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The connection between art and religion, the service art is expected to give religion, and the consequences for art of Tolstoy’s perception of the meaning of life are clearly stated in the closing paragraphs of What Is Art?The task for art to accomplish is to make that feeling of brotherhood and love of one’s neighbor, now attained only by the best members of society, the customary feeling and instinct of all men. By evoking under imaginary conditions the feeling of brotherhood and love, religious art will train men to experience those same feelings under similar circumstances in actual life; it will lay in the souls of men the rails along which the actions of those whom art thus educates will naturally pass. And universal art, by uniting the most different people in one common feeling by destroying separation, will educate people to union and will show them, not by reason but by life itself, the joy of universal union reaching beyond the bounds set by life.
Tolstoy saw in the art of the Middle Ages an example of true art. In that period, religion provided a basis common to the artists and the mass of the people, so that the feelings experienced by the artist could be communicated to the mass of the people. This true art, shared by the whole community, ended when the people who rewarded and directed art lost their religious belief. The universality of the art of the Middle Ages was followed by a split between the art of the upper classes and...
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If there is any danger that admiration for the artistic achievements of the author of War and Peace will lead to uncritical acceptance of Tolstoy’s theories about the nature and purpose of art, it is more than balanced by the danger that contempt for Tolstoy’s critical judgments will lead to uncritical rejection of these theories. Criticism of Tolstoy’s point of view as perverse and even stupid may be caused by Tolstoy’s remarks on particular works of art rather than by his theories as to the nature and purpose of art. War and Peace, and in fact all his own work except the stories “Bog pravdu vidit, da ne skoro skazhet” (1872; “God Sees the Truth but Waits,” 1906) and “Kavkazskii plennik” (1872; “A Prisoner of the Caucasus,” 1887), fall, in Tolstoy’s eyes, into the category of bad art. Examples of good art include the Psalms, the writings of the Jewish prophets, Homer’s Iliad (c. 800 b.c.e.; English translation, 1616) and Odyssey (c. 800 b.c.e.; English translation, 1616), Miguel de Cervantes’s El ingenioso hidalgo don Quixote de la Mancha (1605, 1615; The History of the Valorous and Wittie Knight-Errant, Don Quixote of the Mancha, 1612-1620; better known as Don Quixote de la Mancha), Charles Dickens’s Pickwick Papers (1836-1837) and A Christmas Carol (1843), Harriet Beecher Stowe’s Uncle Tom’s Cabin: Or, Life Among the Lowly (1852), and Millet’s drawing The Man with the Hoe.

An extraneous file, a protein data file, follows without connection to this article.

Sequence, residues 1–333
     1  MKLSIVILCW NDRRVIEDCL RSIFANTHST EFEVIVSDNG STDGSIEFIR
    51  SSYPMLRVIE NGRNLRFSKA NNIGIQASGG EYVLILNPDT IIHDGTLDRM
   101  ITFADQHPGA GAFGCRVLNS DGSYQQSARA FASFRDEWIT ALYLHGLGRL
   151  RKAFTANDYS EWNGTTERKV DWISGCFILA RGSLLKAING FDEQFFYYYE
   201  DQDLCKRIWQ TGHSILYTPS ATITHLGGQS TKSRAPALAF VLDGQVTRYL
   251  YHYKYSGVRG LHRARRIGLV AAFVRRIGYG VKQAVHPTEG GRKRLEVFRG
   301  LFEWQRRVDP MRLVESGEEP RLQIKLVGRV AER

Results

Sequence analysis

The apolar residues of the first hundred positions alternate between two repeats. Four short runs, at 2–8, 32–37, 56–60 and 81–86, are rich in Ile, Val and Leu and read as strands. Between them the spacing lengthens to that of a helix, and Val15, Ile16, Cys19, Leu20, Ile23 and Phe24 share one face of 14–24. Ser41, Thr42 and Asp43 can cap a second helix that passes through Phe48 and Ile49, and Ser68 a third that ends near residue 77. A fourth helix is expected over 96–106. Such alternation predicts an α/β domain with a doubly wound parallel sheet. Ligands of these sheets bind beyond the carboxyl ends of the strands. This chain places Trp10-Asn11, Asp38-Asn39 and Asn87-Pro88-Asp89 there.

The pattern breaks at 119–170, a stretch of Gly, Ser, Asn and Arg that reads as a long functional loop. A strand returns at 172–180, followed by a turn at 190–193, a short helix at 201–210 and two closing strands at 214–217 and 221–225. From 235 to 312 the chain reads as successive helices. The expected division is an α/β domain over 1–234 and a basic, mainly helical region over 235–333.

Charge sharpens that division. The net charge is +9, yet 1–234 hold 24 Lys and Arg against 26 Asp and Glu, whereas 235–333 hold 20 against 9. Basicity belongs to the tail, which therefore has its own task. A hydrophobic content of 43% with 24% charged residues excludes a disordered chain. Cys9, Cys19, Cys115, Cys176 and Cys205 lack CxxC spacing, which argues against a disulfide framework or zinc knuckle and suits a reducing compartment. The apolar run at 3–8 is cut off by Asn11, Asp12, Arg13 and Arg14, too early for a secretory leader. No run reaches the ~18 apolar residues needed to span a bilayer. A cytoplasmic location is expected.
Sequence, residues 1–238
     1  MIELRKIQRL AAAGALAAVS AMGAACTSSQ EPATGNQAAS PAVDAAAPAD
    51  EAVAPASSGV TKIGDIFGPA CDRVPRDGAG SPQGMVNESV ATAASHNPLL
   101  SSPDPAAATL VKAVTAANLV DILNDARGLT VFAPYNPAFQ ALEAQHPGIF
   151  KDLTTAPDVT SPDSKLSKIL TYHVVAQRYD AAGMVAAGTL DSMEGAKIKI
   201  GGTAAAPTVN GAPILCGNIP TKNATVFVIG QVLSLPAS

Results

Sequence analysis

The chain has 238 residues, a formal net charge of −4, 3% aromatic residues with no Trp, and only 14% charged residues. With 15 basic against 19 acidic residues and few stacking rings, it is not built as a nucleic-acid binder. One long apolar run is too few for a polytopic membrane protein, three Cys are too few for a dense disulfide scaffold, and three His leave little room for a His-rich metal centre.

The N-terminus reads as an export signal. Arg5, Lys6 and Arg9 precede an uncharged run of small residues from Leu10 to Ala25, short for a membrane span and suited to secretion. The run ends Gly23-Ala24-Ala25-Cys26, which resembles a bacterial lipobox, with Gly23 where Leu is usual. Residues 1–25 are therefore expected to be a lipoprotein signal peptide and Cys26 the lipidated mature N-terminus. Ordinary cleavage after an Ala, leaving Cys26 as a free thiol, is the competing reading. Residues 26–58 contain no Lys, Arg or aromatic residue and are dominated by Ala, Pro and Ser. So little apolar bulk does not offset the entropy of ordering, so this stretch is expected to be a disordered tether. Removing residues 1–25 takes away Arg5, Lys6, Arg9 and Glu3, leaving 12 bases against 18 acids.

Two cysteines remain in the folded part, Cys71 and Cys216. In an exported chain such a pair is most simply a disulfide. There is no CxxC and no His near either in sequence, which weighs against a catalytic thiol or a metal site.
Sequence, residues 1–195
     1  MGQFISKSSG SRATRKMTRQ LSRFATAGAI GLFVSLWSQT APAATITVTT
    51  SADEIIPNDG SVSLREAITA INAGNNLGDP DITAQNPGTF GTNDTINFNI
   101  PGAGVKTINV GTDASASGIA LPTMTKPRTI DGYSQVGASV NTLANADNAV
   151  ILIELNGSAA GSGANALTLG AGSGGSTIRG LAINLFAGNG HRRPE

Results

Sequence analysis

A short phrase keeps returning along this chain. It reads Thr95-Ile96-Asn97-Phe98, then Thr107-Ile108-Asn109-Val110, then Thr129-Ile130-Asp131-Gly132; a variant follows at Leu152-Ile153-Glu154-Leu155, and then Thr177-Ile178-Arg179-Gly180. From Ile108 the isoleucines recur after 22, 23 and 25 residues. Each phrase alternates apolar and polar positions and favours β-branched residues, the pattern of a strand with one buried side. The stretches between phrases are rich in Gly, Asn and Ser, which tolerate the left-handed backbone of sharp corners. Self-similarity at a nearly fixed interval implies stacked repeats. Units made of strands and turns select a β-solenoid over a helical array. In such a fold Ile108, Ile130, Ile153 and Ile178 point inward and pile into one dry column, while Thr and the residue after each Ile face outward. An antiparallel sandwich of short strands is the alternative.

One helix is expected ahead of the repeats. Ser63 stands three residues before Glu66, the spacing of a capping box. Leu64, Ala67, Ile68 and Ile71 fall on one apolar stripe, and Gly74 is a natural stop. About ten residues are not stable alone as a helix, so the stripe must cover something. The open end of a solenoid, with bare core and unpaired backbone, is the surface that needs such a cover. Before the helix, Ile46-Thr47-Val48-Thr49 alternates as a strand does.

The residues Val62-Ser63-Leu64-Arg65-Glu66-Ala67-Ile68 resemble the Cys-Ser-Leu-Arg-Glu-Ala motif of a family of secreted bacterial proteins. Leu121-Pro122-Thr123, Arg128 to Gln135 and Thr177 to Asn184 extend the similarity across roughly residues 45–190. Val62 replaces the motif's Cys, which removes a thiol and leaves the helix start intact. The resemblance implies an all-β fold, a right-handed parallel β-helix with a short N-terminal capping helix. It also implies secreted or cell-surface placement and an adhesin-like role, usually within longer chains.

Tolstoy praises as true art Alexander Pushkin’s short stories and poems but calls his Boris Godunov (wr. 1824-1825, pb. 1831; English translation, 1918) “a...
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Bayley, John. Leo Tolstoy. Plymouth, United Kingdom: Northcote House, 1997. Criticism and interpretation of Tolstoy’s work.
Benson, Ruth Crego. Women in Tolstoy: The Ideal and the Erotic. Urbana: University of Illinois Press, 1973. Concentrates on Leo Tolstoy’s changing vision of the role and importance of family life. Suggests that Tolstoy struggled most of his life with a dichotomous view of women, regarding them in strictly black-and-white terms, as saints or sinners. Analyzes the female characters in the major and several minor works in terms of such a double view. An interesting and...
(The entire section is 571 words.)